Cryptocurrency

1459 Words6 Pages
As the rise of Bitcoin and other cryptocurrencies generates new conversation and new changes for the global economy, it is perhaps unsurprising that many governmental systems are beginning to enact laws surrounding the use and flow of these systems. Among these governments is that of China, which over the first two months of 2018 has enacted several laws and restrictions to disable the flow of cryptocurrencies and ban “mining”, an energy-inefficient process that keeps cryptocurrencies growing. Following these changes have come multiple articles nationwide reporting the events and changes, but while the core news and facts are largely the same, the particular styles and selective coverage of these articles sheds light on the cultural biases…show more content…
While the conception of self-orientation encompasses a somewhat broad range of views and norms, two that stand out are the culture’s attitudes toward individualism and personal responsibility. A Chilean article posted on Emol whose title translates to “China advances in its intense fight against cryptocurrencies, especially against Bitcoin” reports the restrictions on Bitcoin by the Chinese government, framing it in a global context in a way that reveals the author’s attitude toward these two…show more content…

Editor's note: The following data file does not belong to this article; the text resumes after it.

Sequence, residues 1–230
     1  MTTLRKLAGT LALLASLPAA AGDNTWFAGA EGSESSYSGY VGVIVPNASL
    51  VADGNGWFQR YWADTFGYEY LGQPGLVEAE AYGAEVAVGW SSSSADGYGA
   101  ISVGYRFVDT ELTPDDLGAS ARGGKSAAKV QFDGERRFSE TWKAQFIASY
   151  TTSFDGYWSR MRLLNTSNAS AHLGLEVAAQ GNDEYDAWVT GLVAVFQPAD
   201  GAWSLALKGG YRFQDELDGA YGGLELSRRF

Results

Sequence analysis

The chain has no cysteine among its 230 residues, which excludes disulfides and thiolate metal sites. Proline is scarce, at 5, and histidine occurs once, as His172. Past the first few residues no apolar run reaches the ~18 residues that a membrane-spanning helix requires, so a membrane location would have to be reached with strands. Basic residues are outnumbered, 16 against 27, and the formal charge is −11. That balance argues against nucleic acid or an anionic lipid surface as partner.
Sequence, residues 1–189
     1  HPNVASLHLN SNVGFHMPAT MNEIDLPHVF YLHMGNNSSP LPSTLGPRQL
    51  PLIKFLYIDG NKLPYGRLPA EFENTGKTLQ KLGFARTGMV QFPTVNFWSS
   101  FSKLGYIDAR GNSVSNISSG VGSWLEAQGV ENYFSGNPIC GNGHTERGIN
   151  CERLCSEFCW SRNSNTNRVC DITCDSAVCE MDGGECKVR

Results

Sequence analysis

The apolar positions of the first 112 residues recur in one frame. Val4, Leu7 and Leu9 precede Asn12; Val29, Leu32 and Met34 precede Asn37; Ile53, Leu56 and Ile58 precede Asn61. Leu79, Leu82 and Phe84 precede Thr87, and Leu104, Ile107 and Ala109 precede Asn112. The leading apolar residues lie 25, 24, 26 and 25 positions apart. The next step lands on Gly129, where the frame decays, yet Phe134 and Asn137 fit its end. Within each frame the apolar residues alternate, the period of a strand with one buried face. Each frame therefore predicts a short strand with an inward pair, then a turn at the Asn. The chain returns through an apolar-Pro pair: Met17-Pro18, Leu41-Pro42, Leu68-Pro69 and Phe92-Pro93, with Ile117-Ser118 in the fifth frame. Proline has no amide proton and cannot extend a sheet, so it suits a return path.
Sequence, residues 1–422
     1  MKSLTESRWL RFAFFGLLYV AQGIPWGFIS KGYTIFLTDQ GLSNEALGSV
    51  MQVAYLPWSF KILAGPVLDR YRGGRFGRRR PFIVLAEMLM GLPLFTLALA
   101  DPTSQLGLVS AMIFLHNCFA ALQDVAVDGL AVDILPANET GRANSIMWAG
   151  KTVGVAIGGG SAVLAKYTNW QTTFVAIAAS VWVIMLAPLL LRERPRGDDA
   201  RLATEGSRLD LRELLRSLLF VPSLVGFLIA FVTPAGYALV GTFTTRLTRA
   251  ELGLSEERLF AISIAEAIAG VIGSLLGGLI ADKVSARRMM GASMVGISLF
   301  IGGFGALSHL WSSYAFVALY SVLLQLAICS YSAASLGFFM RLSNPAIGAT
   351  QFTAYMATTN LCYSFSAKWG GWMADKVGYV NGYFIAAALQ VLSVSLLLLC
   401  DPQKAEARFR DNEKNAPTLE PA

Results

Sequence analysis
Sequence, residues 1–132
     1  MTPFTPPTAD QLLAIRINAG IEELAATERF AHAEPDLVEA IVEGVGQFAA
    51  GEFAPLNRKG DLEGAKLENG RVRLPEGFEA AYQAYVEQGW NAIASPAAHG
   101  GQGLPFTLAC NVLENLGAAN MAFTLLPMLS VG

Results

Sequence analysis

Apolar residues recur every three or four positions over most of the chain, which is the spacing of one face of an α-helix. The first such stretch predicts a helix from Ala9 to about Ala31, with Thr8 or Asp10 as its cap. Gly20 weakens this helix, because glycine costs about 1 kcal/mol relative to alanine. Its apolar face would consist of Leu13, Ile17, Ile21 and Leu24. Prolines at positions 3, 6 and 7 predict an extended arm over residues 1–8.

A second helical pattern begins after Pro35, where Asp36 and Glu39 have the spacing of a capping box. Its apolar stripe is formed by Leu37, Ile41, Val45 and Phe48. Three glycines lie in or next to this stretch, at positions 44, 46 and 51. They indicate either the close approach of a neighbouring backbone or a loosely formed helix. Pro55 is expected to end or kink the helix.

EX & Co explains these forces as “representing factors with the potential to influence the ways in which vultures develop and maintain their differences yet change over time” (23). Among these forces is the influence of history and how historical events can shape a culture’s values and beliefs. In regards to China’s actions toward cryptocurrency, a U.S. article in Fortune titled “This Is How China Is Stifling Bitcoin and Cryptocurrencies” shows a clear bias against government intervention as shown by frequent usage of wording with negative connotations including “cracking down”, “government mantra”, and “clampdown”. Additionally, in response to the self-posed question “Is China anti-cryptocurrency?”, the article responds, “Hardly…The People’s Bank of China has run trials of its own prototype cryptocurrency.…China’s vision…seems to be based more on taking full control of such transactions in contrast to the libertarian aspirations of Bitcoin.” This phrasing is significant because its positioning of China “taking full control” against Bitcoin’s “aspirations” clearly favors the model of economic movement independent of governmental regulation. In other words, the American article’s bias reflects the country’s steep history of both capitalism and independence idolization; even after the Great
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